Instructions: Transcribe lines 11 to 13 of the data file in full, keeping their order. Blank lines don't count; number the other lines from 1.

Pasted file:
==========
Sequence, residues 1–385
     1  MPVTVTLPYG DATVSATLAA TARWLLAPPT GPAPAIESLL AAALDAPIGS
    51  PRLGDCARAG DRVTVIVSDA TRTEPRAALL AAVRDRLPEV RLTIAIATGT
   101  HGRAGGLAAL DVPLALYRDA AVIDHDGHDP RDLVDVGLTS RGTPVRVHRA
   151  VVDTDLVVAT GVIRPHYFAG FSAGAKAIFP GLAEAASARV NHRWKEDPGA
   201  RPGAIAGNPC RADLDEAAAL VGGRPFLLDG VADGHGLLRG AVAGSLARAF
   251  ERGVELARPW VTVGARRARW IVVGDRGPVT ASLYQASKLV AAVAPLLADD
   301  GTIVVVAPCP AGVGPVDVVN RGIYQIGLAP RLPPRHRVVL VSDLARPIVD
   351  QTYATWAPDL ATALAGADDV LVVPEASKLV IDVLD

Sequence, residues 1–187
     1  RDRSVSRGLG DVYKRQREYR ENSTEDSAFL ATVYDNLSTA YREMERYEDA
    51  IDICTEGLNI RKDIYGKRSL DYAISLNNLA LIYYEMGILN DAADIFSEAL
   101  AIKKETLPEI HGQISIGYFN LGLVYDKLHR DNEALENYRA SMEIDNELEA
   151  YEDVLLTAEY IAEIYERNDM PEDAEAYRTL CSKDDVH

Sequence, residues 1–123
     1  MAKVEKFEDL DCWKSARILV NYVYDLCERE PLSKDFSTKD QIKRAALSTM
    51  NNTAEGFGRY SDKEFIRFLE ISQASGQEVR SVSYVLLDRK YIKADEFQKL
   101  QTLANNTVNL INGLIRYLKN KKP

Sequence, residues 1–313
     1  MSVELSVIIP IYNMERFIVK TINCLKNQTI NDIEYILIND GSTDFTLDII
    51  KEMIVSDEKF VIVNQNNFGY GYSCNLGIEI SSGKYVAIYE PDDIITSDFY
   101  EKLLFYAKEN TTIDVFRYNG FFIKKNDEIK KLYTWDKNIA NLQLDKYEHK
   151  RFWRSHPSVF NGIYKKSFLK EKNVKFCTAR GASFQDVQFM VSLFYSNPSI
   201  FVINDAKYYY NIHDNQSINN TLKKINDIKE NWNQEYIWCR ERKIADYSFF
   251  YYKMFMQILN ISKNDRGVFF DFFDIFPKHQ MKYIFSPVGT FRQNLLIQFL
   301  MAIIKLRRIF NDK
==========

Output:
     1  RDRSVSRGLG DVYKRQREYR ENSTEDSAFL ATVYDNLSTA YREMERYEDA
    51  IDICTEGLNI RKDIYGKRSL DYAISLNNLA LIYYEMGILN DAADIFSEAL
   101  AIKKETLPEI HGQISIGYFN LGLVYDKLHR DNEALENYRA SMEIDNELEA